Deadly Friend: Krueger and the Near-Demise of Wes Craven

Wes Craven was never one to rest on his laurels.

A creative force who twice redefined the slasher genre, he would make his name as a horror movie director thanks to a series of low-budget films that would win him a generation of loyal fans. After making waves with grungy efforts The Last House on the Left and The Hills Have Eyes, he would finally burst onto the mainstream with 1984’s A Nightmare On Elm Street, his most famous character Fred Krueger spawning the kind of franchise that turned faltering production company New Line Cinema into a surging goldmine […]

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Into the Jungle: The Story of John McTiernan’s Predator

Back in his action heyday, director John McTiernan was something of an artiste.

For many, he is probably most remembered for genre high point Die Hard, but a year earlier he gave us another action vehicle with a crowd-pleasing twist. A genre crossover which lured us into the safety of Hollywood’s most dependable biceps, Predator would plunge us into a jungle of stifling uncertainty, adopting the form of a stalk-and-slash horror and keeping us very much in the dark […]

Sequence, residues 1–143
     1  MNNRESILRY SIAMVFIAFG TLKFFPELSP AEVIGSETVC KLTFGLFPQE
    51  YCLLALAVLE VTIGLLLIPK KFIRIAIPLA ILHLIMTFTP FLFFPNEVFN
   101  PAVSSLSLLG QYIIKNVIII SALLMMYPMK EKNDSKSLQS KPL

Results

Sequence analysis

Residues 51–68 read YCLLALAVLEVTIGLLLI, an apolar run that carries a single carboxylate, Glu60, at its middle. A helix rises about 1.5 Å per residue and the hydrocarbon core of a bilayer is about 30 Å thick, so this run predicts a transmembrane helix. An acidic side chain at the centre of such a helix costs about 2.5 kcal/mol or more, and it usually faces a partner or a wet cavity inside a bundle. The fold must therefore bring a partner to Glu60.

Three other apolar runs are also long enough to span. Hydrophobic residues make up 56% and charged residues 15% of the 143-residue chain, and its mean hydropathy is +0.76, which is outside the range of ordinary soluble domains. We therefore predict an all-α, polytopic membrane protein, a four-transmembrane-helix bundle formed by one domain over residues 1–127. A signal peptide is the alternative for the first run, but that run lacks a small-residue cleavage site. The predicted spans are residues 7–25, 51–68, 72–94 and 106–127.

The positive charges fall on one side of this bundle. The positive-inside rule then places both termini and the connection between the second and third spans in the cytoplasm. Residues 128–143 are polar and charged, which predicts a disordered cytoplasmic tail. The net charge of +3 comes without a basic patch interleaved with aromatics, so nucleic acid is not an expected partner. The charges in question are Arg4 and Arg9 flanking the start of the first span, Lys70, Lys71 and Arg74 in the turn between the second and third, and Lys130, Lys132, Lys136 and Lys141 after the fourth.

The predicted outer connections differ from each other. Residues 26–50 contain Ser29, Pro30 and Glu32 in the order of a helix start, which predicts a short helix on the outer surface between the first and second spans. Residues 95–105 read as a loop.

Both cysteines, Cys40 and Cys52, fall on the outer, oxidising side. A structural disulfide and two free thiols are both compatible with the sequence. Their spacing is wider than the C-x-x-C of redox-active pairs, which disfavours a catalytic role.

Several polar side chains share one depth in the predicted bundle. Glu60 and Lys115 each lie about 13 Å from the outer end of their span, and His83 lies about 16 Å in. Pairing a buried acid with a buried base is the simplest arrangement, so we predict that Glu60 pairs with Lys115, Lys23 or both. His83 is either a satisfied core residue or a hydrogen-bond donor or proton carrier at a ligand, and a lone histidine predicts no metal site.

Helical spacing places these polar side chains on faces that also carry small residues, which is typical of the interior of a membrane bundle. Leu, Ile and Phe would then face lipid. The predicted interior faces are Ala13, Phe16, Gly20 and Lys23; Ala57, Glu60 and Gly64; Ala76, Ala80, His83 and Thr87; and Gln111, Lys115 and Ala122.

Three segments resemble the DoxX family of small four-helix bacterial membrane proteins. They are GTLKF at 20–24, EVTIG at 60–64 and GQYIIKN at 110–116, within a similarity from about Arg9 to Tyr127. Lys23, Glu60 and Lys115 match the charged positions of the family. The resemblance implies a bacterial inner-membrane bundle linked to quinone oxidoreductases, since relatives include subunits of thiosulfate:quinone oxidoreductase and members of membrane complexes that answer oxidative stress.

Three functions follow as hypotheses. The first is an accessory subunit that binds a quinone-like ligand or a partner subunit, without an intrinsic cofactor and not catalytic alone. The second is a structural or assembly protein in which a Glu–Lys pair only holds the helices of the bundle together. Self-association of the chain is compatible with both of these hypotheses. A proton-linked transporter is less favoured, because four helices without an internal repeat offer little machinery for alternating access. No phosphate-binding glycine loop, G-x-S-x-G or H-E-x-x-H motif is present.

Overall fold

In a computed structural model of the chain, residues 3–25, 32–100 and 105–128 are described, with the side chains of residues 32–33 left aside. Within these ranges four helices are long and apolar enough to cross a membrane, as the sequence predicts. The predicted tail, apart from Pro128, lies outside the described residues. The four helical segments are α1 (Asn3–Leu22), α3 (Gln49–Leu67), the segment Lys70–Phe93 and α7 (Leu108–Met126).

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You Only Live Once: How Licence to Kill Dragged Bond into the 21st Century

When it comes to Bond, Timothy Dalton has found himself low down in the pecking order.

As the first actor to fulfil the male fantasies of a generation, Sean Connery will always be regarded as the true original. Roger Moore, whose eyebrow-raising quips were not for everyone, brought a dash a debonair to the character which saw him star in a record-equalling seven instalments […]

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Leave Those Kids Alone: When Cannon Met Death Wish

By 1982, British director Michael Winner was in desperate need of a hit.

Eight years prior he had immortalised western stalwart Charles Bronson by taking his John Wayne act to the streets of New York City. Although the original Death Wish tackled the growing problem of street crime in America, it was denounced by critics due to a vigilante theme that relished in the very violence it was supposed to be condemning […]

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Suburban Monsters: The Double Standards of Joe Dante’s The ‘Burbs

They say familiarity breeds contempt, but in my experience the opposite is true.

In reality people tend to fear the unfamiliar, and the more distant a person is the more they have to hide, at least in the minds of those who have been ignored. This is never truer than when a somewhat reclusive neighbour moves into an established community. Before long, suspicions begin to breed and spread, and every little detail becomes a reason for condemnation […]

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